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Some Thoughts About Desire

Updated: Jan 17



I’ve been thinking a lot about desire.


When I was 26, I met a Sufi healer. At the time, the idea of being a person who needed things kind of disgusted me.


I remember telling him, “I don’t need anything.” And I felt proud and a bit righteous as I said it.


“I think you need a lot,” the Sufi said. “I think you need love and care and a beautiful home and money and comfort and a lover who adores you.”

This quietly blew my mind.


He continued, “If you don’t need anything, if you’re a Free Soul without needs, the universe listens and responds, ‘she doesn’t need anything, leave her be.’ You have no intimacy with the world. You’re independent but that gets boring. But if you need and yearn from your authentic desire… then the universe responds to you like a lover. Your naked yearning is attractive to the universe the way the nakedness of Venus coming out of her shell, out of the water, is attractive. It’s like what Rumi calls one handed basket weaving. You weave your life with one hand and the universe weaves with the other.”


Then he told me the story of creation, from his perspective:


In the beginning, there was only God. A great ocean of universal being-ness. But then, in the ocean was a stirring, a kind of love, desire, longing. This desire created an agitation deep in the ocean that caused waves to rise. God’s longing to connect, to be known, to know, and to become caused God to tear God’s heart out (metaphorically) and throw drops of the ocean into separate existence. The intensity of this divine yearning is what created the universe.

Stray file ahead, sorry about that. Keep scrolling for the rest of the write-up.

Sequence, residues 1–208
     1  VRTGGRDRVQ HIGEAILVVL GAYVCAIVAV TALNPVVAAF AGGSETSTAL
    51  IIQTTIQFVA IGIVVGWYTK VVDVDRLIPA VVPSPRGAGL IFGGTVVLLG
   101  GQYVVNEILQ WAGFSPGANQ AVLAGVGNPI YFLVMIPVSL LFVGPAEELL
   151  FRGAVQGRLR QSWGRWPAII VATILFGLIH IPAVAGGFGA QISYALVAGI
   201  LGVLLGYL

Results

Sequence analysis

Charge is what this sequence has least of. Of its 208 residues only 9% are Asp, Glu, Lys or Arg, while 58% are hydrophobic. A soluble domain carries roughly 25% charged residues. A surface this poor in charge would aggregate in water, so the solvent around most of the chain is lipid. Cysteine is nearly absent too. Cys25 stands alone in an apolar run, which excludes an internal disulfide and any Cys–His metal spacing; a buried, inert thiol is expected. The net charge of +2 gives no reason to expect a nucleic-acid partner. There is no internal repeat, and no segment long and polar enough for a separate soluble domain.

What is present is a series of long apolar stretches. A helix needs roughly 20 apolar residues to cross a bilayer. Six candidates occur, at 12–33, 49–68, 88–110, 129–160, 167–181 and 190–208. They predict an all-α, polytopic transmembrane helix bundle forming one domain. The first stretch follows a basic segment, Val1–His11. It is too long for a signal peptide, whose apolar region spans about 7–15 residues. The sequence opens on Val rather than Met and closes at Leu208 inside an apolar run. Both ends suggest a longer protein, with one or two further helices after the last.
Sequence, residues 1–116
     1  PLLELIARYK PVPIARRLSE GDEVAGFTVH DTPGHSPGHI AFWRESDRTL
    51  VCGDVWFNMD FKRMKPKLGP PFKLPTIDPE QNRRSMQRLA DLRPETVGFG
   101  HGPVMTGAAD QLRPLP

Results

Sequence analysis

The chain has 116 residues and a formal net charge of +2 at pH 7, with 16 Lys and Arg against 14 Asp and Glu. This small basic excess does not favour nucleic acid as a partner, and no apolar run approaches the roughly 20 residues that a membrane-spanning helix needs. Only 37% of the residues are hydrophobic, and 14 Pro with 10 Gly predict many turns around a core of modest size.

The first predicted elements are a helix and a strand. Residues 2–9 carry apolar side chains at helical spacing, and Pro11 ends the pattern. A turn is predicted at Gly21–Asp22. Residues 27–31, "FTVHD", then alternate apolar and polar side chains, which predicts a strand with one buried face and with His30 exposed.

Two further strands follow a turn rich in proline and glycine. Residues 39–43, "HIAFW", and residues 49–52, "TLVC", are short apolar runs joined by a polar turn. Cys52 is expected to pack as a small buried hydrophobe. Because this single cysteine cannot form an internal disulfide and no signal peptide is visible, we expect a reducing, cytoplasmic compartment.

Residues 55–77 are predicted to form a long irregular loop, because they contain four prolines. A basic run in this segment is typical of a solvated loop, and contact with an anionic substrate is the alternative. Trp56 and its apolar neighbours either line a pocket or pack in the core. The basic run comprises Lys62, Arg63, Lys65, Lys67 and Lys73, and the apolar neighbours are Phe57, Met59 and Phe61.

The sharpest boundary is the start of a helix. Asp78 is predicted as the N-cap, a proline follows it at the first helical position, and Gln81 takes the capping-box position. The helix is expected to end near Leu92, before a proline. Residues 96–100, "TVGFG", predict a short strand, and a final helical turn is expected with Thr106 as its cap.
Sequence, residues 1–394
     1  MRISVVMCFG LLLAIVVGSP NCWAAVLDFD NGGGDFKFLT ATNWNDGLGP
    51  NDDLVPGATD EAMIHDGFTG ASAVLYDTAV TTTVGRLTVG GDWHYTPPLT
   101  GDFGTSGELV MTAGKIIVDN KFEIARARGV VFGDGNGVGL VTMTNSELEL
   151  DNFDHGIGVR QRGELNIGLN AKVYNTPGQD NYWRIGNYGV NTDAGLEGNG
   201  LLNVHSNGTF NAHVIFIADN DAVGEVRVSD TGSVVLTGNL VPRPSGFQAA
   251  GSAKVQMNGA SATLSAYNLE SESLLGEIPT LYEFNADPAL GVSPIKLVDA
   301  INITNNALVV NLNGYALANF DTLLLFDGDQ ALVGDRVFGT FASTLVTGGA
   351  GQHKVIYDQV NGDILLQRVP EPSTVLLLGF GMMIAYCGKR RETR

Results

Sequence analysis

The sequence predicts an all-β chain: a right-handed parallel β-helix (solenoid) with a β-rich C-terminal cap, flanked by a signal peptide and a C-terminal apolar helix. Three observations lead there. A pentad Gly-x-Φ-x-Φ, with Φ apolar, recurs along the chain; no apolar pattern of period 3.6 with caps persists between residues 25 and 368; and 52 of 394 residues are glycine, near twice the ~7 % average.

The Sufi told me:


Our desire is an innate intelligence, creative, exploratory, responsible, and a reflection of divine desire.


Being out of touch with desire can prevent you from feeling passion for life, the joy of existence, the desire to make your life renew and to feel excitement and love.


Recently, I heard a Dervish saying that goes:


Life is three days long and two days are already over.


So what do you desire?



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Photo: first taste of figs in Greece by Karen Connelly

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